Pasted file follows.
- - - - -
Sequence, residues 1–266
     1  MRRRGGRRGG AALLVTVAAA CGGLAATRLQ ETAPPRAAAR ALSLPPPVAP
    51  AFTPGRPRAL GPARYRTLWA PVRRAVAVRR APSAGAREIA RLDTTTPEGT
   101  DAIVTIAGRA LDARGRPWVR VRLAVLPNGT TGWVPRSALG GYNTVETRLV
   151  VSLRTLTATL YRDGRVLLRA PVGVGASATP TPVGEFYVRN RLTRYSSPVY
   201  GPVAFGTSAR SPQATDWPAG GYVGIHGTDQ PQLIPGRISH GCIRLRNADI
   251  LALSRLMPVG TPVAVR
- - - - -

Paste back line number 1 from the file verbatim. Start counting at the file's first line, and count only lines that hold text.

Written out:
Sequence, residues 1–266